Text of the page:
Federal authorities have given a satellite internet service owned by business magnate Elon Musk permission to operate in Mexico.
The Federal Telecommunications Institute (IFT) granted Starlink Satellite Systems México authorization to send signals to and receive signals from satellites that provide coverage to Mexico.
The company, which was only recently established here, sought authorization on April 2, and the IFT granted it on May 28, the newspaper El Economista reported. It set a period of 180 days within which Starlink must be ready to offer its satellite internet service, meaning that the company will have to begin operations by October 28.
The IFT permit allows Starlink to operate for an initial period of 10 years. The company can seek to extend its authorization by additional periods of 10 years, provided it meets requirements set by the IFT. Starlink currently offers satellite internet service in parts of the United States, Canada and the United Kingdom.
Service at speeds of 1 Gbps cost US $99 per month in the United States. It was reported earlier this year that the cost will be the same in Mexico. Service will also require the purchase of a Starlink hardware kit, which will cost $499 plus shipping.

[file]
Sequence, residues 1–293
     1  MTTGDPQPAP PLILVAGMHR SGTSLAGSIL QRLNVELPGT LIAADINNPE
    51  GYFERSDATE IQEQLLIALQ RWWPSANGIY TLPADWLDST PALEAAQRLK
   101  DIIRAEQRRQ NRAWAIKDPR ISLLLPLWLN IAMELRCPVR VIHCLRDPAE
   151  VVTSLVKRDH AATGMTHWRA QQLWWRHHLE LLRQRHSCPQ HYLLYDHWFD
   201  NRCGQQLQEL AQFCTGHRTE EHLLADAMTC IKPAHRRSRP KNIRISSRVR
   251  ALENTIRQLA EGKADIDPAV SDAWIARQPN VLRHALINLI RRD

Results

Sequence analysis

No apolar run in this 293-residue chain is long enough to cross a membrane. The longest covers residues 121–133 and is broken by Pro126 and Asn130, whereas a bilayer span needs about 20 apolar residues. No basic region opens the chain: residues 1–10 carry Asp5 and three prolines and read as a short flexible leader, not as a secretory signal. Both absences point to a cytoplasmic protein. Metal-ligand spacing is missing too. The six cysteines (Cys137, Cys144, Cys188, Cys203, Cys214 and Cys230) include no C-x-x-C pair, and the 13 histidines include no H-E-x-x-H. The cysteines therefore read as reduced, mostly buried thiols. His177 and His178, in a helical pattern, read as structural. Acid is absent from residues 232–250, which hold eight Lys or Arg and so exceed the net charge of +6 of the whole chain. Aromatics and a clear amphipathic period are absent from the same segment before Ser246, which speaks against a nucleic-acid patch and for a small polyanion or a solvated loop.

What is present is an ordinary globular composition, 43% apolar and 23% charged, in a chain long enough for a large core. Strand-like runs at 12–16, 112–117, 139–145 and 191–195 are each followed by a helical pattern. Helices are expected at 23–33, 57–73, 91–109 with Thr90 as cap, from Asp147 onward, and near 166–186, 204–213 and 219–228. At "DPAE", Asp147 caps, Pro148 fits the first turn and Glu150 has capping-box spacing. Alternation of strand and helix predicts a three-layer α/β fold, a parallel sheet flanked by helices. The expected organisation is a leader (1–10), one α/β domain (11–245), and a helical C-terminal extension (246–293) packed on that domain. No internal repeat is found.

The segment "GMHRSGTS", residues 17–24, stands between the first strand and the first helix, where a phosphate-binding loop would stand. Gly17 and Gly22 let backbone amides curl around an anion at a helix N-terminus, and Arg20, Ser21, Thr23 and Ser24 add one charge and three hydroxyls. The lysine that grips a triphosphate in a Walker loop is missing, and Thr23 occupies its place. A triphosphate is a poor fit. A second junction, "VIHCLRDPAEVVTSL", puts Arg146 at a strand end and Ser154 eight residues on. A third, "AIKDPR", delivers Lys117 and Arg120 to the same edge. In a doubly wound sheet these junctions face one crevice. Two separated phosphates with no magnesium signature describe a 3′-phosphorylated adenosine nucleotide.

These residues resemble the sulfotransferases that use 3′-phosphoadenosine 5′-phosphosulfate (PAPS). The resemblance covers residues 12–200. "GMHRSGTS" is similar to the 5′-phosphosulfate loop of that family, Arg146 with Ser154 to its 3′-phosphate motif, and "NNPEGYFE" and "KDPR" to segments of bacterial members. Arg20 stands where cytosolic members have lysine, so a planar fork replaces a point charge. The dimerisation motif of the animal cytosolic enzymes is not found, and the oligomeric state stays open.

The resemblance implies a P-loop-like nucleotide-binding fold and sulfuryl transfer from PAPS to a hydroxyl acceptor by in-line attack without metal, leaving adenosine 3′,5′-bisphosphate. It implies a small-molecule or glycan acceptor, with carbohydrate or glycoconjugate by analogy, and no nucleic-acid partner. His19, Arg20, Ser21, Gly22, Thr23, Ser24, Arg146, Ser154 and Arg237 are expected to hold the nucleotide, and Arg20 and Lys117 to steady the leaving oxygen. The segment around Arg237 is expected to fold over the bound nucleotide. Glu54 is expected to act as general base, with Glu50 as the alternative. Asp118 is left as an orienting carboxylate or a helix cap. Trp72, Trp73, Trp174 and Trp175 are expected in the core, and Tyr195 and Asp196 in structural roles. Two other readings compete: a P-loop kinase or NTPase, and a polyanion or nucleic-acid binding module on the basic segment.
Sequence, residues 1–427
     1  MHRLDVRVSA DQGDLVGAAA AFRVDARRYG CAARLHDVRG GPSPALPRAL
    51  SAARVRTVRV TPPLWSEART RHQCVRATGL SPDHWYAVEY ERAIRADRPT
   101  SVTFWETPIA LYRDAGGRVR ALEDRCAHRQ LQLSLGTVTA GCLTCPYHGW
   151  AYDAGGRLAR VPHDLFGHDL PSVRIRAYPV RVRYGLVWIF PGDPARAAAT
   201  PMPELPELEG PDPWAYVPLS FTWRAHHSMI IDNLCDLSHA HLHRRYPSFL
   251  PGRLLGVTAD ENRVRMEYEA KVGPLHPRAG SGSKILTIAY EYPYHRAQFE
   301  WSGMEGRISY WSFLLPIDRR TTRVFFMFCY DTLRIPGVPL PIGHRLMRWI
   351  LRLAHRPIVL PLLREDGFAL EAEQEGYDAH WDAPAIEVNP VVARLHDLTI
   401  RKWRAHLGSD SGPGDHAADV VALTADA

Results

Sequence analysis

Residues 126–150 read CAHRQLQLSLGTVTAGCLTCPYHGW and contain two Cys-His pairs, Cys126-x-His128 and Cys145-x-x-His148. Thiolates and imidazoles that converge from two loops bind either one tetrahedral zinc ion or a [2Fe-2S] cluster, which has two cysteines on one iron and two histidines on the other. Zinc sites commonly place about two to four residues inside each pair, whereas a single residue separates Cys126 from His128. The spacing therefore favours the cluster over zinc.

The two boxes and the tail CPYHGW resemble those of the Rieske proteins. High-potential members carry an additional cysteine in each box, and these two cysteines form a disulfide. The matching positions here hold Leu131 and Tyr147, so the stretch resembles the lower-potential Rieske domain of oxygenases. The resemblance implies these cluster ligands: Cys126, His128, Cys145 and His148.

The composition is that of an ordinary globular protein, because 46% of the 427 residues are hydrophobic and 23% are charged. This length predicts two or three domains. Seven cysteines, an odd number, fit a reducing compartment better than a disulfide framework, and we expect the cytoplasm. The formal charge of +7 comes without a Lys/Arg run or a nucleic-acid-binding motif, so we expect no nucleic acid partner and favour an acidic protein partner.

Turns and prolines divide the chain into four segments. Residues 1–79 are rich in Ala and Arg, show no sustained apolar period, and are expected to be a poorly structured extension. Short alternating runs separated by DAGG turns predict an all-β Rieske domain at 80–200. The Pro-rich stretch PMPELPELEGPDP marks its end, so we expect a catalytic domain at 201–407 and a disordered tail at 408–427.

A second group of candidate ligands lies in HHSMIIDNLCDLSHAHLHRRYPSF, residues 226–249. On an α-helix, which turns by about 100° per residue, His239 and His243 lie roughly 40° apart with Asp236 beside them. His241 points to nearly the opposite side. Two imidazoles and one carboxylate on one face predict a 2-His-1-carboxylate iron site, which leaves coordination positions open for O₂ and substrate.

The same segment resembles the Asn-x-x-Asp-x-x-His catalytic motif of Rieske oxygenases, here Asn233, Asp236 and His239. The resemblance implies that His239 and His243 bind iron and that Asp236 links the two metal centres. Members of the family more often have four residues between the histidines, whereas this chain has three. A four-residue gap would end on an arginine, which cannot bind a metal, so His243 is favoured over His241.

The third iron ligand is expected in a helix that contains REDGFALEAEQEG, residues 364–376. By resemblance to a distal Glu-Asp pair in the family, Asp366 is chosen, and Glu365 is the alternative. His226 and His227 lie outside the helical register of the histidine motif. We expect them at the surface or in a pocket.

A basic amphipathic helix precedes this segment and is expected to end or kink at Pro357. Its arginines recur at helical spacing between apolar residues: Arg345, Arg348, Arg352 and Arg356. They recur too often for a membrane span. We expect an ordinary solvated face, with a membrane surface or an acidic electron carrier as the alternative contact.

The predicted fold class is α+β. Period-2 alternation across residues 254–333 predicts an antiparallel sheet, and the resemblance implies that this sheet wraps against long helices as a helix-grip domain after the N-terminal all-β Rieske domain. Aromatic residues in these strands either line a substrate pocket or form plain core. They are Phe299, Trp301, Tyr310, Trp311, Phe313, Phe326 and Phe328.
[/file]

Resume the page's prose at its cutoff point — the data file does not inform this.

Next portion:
Starlink’s internet service is currently supported by some 1,800 satellites, but its network is slated to grow to 12,000, which will allow worldwide expansion.
According to reports on the quality of the service in the U.S. and Canada, the system offers much improved latency — 18 to 19 milliseconds —than other satellite systems. Latency is the time it takes for the signal to travel from a computer to a remote server and back.
Two other companies have also recently received permission to operate internet services in Mexico. One is Elektra Satelital, another satellite internet service, and the other is Claro TV, which could rent satellite capacity to Starlink, according to El Economista.
With reports from El Economista